Lost in Translation, in the Kitchen
- Lam Thuy Vo/The Wall Street Journal
- A chef cuts up ham at L’Atelier de Joel Robuchon.
Inside the kitchen of L’Atelier de Joël Robuchon, all the orders are called out in French: “canard” is duck; “homard” is lobster.
That’s not surprising — it is a French restaurant, after all. But it isn’t in Paris; it’s in Hong Kong, where most of the staff speak Cantonese and English. In fact, 90% of the employees in the kitchen are Hong Kong Chinese, says L’Atelier chef and native-French speaker Michel del Burgo. Another 5% are Japanese, the remaining 5% are French.
In the L’Atelier kitchen, says Sherman Chan, a chef who worked there for a year in 2008: “You say ‘Oui, chef,’ whether or not you understand [the request], and then turn around to ask for a translation. That’s the way it works.” Ms. Chan is a Hong Kong-native who’s mother tongue is Cantonese. She now works in Caprice, another Hong Kong restaurant. “It’s not very efficient, but eventually you learn to make your way around.”
Language is a new problem in Asian kitchens. In the past, when they were staffed mostly by locals, it wasn’t an issue. But a more integrated and international food world — a growing number of Western celebrity chefs in the region and Chinese restaurants expanding overseas — has changed that. Kitchens now are often staffed by an eclectic mix of nationalities.
Every kitchen in the Fook Lam Moon Group, the Cantonese-cuisine restaurant with seven overseas locations — four in Japan and three in China — is headed by a native-Hong Kong, Cantonese-speaking chef. In Japan, roughly 60% of the staff are Cantonese-speakers from Hong Kong, says Fook Lam Moon managing director Michelle Chui, with the remainder split evenly between Japanese and mainland Chinese, who speak Mandarin. So the kitchens in Japan are trilingual — Cantonese, Mandarin and Japanese. In its Hong Kong restaurants, however, all full-time employees speak Mandarin and Cantonese.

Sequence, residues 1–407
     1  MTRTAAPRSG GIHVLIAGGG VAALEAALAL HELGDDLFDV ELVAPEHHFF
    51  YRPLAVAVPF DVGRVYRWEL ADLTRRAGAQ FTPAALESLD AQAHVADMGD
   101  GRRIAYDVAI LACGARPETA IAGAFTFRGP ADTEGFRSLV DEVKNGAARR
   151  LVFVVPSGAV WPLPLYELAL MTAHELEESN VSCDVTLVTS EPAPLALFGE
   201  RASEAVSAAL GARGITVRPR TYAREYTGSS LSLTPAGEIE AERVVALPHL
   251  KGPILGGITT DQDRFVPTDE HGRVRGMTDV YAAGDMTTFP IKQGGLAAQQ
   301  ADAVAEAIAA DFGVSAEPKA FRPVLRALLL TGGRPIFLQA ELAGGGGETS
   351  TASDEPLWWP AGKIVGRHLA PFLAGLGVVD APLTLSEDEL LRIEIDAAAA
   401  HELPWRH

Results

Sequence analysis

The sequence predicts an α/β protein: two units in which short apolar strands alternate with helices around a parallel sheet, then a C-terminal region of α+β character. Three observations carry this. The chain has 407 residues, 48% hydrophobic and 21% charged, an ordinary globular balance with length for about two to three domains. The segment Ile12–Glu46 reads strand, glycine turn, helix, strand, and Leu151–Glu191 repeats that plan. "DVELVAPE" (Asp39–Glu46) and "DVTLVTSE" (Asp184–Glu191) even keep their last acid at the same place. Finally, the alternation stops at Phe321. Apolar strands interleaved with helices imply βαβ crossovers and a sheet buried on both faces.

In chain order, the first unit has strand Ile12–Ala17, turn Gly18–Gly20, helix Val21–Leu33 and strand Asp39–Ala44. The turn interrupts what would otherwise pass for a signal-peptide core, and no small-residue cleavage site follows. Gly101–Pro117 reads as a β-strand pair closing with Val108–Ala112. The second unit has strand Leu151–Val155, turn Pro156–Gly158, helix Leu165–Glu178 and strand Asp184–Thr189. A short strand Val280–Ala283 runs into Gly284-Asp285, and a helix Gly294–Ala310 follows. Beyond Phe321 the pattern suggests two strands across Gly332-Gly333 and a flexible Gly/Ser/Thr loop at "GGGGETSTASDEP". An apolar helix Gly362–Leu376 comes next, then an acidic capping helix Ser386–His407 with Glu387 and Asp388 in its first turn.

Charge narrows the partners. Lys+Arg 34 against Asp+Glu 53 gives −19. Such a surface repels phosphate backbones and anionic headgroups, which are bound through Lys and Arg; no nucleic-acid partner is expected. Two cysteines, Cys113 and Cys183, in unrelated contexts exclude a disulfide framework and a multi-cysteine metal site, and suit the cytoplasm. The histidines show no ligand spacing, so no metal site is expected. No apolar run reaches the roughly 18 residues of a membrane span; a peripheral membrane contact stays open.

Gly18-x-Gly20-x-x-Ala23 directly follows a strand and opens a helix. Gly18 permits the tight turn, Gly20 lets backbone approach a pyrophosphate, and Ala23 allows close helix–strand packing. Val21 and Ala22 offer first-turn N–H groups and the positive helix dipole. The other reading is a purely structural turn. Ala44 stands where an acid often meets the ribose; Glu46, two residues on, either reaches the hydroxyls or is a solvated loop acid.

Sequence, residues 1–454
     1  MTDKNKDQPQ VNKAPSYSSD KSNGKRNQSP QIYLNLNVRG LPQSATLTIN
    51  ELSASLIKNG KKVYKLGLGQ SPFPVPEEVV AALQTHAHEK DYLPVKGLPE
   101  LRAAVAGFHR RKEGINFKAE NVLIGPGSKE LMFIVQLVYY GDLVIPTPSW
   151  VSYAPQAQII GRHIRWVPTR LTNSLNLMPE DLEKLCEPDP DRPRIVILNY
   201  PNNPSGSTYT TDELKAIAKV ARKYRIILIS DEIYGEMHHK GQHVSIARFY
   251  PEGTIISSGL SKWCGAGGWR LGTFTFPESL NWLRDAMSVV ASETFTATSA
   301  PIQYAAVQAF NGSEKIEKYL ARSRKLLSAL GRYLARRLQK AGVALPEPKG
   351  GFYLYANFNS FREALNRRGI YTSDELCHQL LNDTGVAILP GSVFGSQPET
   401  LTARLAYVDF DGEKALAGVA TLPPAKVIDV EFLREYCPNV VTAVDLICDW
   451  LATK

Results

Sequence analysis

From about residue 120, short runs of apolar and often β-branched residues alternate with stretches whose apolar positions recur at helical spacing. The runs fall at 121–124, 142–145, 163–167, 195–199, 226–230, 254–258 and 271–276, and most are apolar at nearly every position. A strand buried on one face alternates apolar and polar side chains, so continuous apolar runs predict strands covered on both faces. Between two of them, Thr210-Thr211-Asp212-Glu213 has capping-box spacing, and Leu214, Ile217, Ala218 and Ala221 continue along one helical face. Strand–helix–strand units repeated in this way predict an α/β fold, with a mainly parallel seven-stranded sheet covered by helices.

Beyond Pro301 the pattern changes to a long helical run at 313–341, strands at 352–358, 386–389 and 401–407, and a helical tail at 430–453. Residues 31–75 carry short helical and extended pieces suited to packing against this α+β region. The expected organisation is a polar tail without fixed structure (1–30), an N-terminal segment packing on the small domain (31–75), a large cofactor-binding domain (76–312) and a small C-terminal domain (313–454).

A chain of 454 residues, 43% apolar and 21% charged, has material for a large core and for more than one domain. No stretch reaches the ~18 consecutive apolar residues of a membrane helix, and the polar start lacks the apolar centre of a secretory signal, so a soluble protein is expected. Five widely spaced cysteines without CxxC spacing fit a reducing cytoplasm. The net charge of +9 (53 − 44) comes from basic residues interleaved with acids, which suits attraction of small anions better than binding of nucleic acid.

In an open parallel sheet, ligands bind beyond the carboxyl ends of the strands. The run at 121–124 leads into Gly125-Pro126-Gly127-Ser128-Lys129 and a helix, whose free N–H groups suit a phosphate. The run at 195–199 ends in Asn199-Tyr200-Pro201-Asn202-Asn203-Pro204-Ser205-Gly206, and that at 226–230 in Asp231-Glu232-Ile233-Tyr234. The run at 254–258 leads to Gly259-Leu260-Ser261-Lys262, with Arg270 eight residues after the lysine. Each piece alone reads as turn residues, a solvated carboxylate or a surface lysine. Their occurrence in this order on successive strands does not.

“There are no language prerequisites to being hired,” says Ms. Chui. “However, language and cultural differences can be a problem, since we do have instances where there’s misunderstanding amongst staff. Especially in a kitchen, which can have a rather heated atmosphere.”
Of course, some cooking terms transcend language: Classic French sauces, for instance, shouldn’t require a translation.
Says Ms. Chan, “If someone says ‘Béarnaise’ in a French kitchen, the cook needs to know it’s butter, eggs and tarragon…”
But other words are lost in translation. Take “umami,” now commonly known as the “fifth taste,” beyond, sweet, sour, bitter and salty. Working chefs today know what umami is — but ask them to define it in their native language, and they may stumble to find the words.
“In a certain sense, food defies languages — the language of food is taste,” says David Thompson, the executive chef of Thai restaurant Nahm in Bangkok, where Thai is spoken frequently in the kitchen. “But how else will you look deeper into a cuisine and understand how to use ingredients unless you are talking to Thais? And when you talk to Thais, you have to speak in Thai.”
Since moving to Thailand in the 1980s, Mr. Thompson has taught himself to read and write in the language. Today, the chef is fluent — “But I write like a 4-year-old,” he says.
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